The impact of loneliness 

With social isolation making us more alert to environmental threat, it is unsurprising that we begin to build an increasingly cynical perception of the world around us. We start to distrust those we meet, or even those we see on television. We feel self-conscious, inadequate and exposed in social situations. We steel ourselves for rejection, and sadly these new behaviours reduce, rather than increase, our likelihood of being accepted. 

For example, if someone turns down an invitation, we convince ourselves that they would rather not spend time in our company, when in fact they are genuinely busy and tied up with their own pressures and problems. Our increasingly pessimistic view of the world can perpetuate a cycle of negativity, reinforcing our feelings of hostility and low self-worth. In time, this can lead to severe anxiety and depression. 

How does loneliness affect our health? 

Studies have shown that feelings of isolation impact our lifestyle behaviours. As we find it harder to regulate our thoughts and feelings, we begin to lose sight of personal goals. [5] 

It can be easy to neglect our self-care and health-promoting behaviours, especially if we are no longer seeking to make a good impression on others. We can find ourselves tempted to eat the wrong things, drink too much alcohol, reduce our physical activity and we may even become wary of going outside.  

Loneliness has also been shown to impact our sleep quality, depriving us of its restorative effects. This can lead to a loop of low self-esteem, making us even less likely to put ourselves out in front of others. [6]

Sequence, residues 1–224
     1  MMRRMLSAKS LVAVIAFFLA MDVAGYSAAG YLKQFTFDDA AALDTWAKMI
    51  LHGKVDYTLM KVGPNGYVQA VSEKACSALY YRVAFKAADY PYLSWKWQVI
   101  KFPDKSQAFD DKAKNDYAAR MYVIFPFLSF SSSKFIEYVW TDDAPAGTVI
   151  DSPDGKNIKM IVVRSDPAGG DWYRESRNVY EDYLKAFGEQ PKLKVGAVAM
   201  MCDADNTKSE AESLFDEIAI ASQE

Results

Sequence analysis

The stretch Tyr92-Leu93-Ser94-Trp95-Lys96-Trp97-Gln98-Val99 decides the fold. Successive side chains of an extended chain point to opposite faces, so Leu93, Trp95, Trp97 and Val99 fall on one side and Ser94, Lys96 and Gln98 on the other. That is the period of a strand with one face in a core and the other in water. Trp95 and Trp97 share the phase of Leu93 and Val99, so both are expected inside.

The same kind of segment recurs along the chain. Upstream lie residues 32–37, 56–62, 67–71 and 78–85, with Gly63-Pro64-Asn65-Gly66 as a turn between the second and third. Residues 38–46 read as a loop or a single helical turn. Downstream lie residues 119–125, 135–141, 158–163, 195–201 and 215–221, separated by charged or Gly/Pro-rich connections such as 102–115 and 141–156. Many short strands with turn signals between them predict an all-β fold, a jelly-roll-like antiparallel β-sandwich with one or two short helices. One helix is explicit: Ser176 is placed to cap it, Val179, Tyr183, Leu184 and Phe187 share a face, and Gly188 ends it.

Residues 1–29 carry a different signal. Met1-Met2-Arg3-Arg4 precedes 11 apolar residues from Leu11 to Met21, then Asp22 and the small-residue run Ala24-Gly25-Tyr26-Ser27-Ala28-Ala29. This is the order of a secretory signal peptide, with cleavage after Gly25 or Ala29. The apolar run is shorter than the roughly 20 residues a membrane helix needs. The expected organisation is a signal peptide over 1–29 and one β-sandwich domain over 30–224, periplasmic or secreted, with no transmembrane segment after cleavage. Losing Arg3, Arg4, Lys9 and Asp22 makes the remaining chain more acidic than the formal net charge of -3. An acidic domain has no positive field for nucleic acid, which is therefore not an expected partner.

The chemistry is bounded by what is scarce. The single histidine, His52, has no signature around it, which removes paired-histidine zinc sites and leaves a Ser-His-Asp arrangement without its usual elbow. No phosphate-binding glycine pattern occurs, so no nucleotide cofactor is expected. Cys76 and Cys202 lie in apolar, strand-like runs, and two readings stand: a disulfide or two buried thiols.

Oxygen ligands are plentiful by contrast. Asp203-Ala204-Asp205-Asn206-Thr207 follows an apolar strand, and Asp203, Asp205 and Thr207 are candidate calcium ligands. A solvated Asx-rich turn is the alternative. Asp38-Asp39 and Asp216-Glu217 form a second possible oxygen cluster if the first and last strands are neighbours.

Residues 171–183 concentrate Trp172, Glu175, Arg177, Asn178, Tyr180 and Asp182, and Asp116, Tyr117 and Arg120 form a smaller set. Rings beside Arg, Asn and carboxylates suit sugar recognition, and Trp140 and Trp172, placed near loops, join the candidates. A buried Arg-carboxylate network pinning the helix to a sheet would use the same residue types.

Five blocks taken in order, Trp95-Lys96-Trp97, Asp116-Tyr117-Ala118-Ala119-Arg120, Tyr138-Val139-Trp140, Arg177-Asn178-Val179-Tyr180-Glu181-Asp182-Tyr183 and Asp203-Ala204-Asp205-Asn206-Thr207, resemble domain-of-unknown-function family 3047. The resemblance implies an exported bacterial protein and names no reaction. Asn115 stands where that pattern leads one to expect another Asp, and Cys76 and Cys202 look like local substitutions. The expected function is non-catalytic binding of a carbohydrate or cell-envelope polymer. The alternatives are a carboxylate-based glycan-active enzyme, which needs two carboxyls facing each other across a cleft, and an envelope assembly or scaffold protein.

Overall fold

How to break out of this cycle 

The first step is recognising that you need to.  

There are many solutions to help you get back on the road to happiness, but only you can take the positive steps needed to escape its grip. 

The considerable research that has been undertaken to understand the origins and impact of loneliness has been used to develop resources and programmes to help those who are feeling its effects. 

In Part II of this article we will explore these in detail to suggest ideas and help find the right solutions for you. 



[1]Hawkley, L.C. and Cacioppo, J.T. (2010) Loneliness Matters: A Theoretical and Empirical Review of Consequences and Mechanisms. Available at: https://doi.org/10.1007/s12160-010-9210-8 (Accessed: January 4, 2023). 

[2]Masi, C.M. et al. (2010) “A Meta-Analysis of Interventions to Reduce Loneliness,National Library of Medicine [Preprint]. Available at: https://doi.org/10.1177/1088868310377394 (Accessed: January 4, 2023).  

[2]Cacioppo, J. T., Hawkley, L. C., Ernst, J. M., Burleson, M., Berntson, G. G., Nouriani, B., & Spiegel, D. (2006). Loneliness within a nomological net: An evolutionary perspective. Journal of Research in Personality, 40(6), 1054-1085. https://doi.org/10.1016/j.jrp.2005.11.007 

[3]Heinrich, L. M., & Gullone, E. (2006). The clinical significance of loneliness: A literature review. Clinical Psychology Review, 26(6), 695-718. https://doi.org/10.1016/j.cpr.2006.04.002 

[4]House, J.S., Landis, K.R. and Umberson, D. (1988) “Social Relationships and Health,Science, 241(4865), pp. 540–545. Available at: https://doi.org/10.1126/science.3399889. 

[5]Tice, D.M. and Bratslavsky, E. (2000) “Giving in to Feel Good: The Place of Emotion Regulation in the Context of General Self-Control,Psychological Inquiry, 11(3), pp. 149–159. Available at: https://doi.org/10.1207/s15327965pli1103_03. 

[6]Cacioppo, J. T., Hawkley, L. C., Berntson, G. G., Ernst, J. M., Gibbs, A. C., Stickgold, R., & Hobson, J. A. (2016). Do Lonely Days Invade the Nights? Potential Social Modulation of Sleep Efficiency. Psychological Science. Available at: https://doi.org/10.1111/1467-9280.00469